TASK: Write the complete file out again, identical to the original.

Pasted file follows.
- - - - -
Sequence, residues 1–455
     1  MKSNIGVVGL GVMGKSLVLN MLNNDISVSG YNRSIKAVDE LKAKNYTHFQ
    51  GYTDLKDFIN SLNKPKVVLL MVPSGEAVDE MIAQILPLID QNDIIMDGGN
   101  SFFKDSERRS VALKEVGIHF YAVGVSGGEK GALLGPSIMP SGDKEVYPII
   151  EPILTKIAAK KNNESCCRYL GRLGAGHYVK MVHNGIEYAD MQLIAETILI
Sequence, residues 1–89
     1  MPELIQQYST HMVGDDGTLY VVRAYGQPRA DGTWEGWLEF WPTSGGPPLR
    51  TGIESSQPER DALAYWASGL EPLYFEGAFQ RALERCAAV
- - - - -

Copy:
Sequence, residues 1–455
     1  MKSNIGVVGL GVMGKSLVLN MLNNDISVSG YNRSIKAVDE LKAKNYTHFQ
    51  GYTDLKDFIN SLNKPKVVLL MVPSGEAVDE MIAQILPLID QNDIIMDGGN
   101  SFFKDSERRS VALKEVGIHF YAVGVSGGEK GALLGPSIMP SGDKEVYPII
   151  EPILTKIAAK KNNESCCRYL GRLGAGHYVK MVHNGIEYAD MQLIAETILI
Sequence, residues 1–89
     1  MPELIQQYST HMVGDDGTLY VVRAYGQPRA DGTWEGWLEF WPTSGGPPLR
    51  TGIESSQPER DALAYWASGL EPLYFEGAFQ RALERCAAV